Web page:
By Brittney McNamara. Photo: Getty.
For people who have a high risk of contracting HIV, PrEP can be a kind of a miracle drug. If taken daily, PrEP — which stands for "pre-exposure prophylaxis" — can reduce the risk of getting HIV by up to 92 percent, according to the Centers for Disease Control and Prevention. When combined with condoms, the drug is even more effective. For people at high risk of contracting HIV who take the drug (which, according to statistics, is only a small percentage of those who could benefit), PrEP can help with peace of mind and a healthier future. And even though it's been shown to work and hopefuls say it could reduce the number of HIV cases if the people who need it take the drug, Republican-introduced legislation might now make it more expensive.
According to Money magazine, the new Republican plan to repeal and replace the Affordable Care Act could jeopardize access to PrEP for low-income people in 31 states who rely on the Medicaid expansions the ACA offers, which help economically disadvantaged people afford healthcare. The GOP plan mentions phasing out federal money for Medicaid expansions, which make PrEP affordable for so many, by 2020. Without subsidies or insurance, PrEP can cost users about $1,500 per month, according to Money.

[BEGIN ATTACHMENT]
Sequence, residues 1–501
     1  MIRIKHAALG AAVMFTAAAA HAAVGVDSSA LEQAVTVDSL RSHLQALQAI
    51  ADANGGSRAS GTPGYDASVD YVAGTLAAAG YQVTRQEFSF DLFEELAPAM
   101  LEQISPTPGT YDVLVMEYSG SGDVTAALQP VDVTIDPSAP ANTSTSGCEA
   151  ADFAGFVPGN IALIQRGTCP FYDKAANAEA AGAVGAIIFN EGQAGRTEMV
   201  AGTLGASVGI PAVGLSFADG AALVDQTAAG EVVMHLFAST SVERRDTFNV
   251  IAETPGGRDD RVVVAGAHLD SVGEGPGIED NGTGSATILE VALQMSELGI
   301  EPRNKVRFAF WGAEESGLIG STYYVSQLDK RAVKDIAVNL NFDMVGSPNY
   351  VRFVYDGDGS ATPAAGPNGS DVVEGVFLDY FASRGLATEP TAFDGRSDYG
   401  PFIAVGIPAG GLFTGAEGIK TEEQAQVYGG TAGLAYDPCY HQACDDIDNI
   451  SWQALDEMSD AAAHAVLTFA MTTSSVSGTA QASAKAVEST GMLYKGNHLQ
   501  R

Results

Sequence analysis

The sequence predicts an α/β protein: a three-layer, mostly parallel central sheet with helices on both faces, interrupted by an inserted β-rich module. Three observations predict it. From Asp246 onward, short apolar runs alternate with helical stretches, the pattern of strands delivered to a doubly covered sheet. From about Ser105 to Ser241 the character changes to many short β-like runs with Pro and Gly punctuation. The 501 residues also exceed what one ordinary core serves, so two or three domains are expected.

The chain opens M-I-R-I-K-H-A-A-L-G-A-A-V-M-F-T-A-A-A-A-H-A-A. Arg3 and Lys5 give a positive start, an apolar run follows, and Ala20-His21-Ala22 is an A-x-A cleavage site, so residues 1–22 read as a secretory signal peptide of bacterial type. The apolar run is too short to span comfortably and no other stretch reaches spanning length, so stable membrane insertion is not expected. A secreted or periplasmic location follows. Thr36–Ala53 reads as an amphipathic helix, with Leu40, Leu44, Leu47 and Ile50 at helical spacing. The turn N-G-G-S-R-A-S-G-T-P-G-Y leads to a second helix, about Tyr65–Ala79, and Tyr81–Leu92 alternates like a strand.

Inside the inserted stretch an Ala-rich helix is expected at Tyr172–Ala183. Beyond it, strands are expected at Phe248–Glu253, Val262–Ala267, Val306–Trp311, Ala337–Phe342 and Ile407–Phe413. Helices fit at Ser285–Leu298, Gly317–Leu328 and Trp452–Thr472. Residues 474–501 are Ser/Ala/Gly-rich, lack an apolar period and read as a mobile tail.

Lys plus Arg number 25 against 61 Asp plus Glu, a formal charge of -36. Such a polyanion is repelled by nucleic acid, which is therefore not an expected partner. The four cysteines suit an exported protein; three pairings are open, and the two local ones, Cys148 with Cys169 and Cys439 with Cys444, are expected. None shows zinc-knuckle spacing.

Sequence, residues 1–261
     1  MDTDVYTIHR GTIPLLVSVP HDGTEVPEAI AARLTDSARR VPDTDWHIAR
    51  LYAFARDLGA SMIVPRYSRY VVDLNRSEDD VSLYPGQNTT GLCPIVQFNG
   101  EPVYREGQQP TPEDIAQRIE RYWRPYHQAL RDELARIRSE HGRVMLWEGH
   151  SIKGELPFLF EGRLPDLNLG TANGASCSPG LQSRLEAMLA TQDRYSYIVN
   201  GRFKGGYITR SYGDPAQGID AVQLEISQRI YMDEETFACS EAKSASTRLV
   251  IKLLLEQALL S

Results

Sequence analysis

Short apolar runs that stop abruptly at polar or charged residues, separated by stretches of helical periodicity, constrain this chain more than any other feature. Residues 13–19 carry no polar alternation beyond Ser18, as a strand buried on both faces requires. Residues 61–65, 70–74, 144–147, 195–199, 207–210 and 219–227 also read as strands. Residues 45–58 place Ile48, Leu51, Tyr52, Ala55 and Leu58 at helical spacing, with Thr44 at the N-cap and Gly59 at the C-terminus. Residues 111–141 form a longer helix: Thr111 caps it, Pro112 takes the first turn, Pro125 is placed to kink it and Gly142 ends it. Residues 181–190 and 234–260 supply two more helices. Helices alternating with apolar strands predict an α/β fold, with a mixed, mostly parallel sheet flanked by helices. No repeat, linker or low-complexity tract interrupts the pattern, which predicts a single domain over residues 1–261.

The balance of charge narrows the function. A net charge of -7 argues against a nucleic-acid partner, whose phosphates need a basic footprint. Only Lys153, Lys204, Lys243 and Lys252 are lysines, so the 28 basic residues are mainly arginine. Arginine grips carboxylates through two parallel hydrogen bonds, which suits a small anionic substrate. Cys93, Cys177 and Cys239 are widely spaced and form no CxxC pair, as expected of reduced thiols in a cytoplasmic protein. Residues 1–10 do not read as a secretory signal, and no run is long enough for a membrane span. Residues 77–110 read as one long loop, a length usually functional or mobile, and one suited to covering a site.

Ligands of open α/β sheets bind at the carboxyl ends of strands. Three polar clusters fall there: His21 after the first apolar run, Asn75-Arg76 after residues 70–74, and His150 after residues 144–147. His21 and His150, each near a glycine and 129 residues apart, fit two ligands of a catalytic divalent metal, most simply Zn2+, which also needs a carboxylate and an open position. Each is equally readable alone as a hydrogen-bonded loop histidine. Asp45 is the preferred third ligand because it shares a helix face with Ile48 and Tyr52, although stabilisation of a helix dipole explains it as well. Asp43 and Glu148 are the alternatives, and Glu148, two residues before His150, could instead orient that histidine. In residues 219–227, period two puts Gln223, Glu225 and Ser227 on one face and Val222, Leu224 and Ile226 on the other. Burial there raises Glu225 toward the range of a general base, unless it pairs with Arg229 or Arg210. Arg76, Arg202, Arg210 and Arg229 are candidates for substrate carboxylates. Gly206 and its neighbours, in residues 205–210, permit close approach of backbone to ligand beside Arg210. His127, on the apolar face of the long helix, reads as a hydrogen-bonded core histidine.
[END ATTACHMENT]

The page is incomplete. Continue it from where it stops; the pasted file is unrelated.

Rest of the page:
Money also notes that the new health-care bill that could jeopardize PrEP access for some comes at an important moment. According to prescription data, few used PReP when it was first approved in 2012, and the number of people who started using the drug was 80,000 between 2012 and 2015 (out of the more than 1.2 million people the CDC says are eligible). "Now, we've seen an exponential rise in users," Noël Gordon Jr., a senior program specialist for HIV prevention and health equity at Human Rights Campaign told Money. If fewer low-income people are able to access PrEP, Noël said, the effects could be huge.
“No matter which way you spin it, a repeal would be devastating,” he said. “It would not only halt the progress we’ve made, but it has the potential to turn the tide the other direction, where we could potentially see the spread of HIV.”
In 2015, the CDC indicated that one in four sexually active gay men should be taking PrEP. But regardless of the number of users, the reality is this drug is helping the people who do use it. One user told Money it helps him control his own health — an invaluable resource. And according to the CDC, the drug has a "powerful" prevention tool. Still, if the Republican health-care plan passes as is, access to PrEP, particularly for low-income people, is in danger.
This story originally appeared on Teen Vogue.
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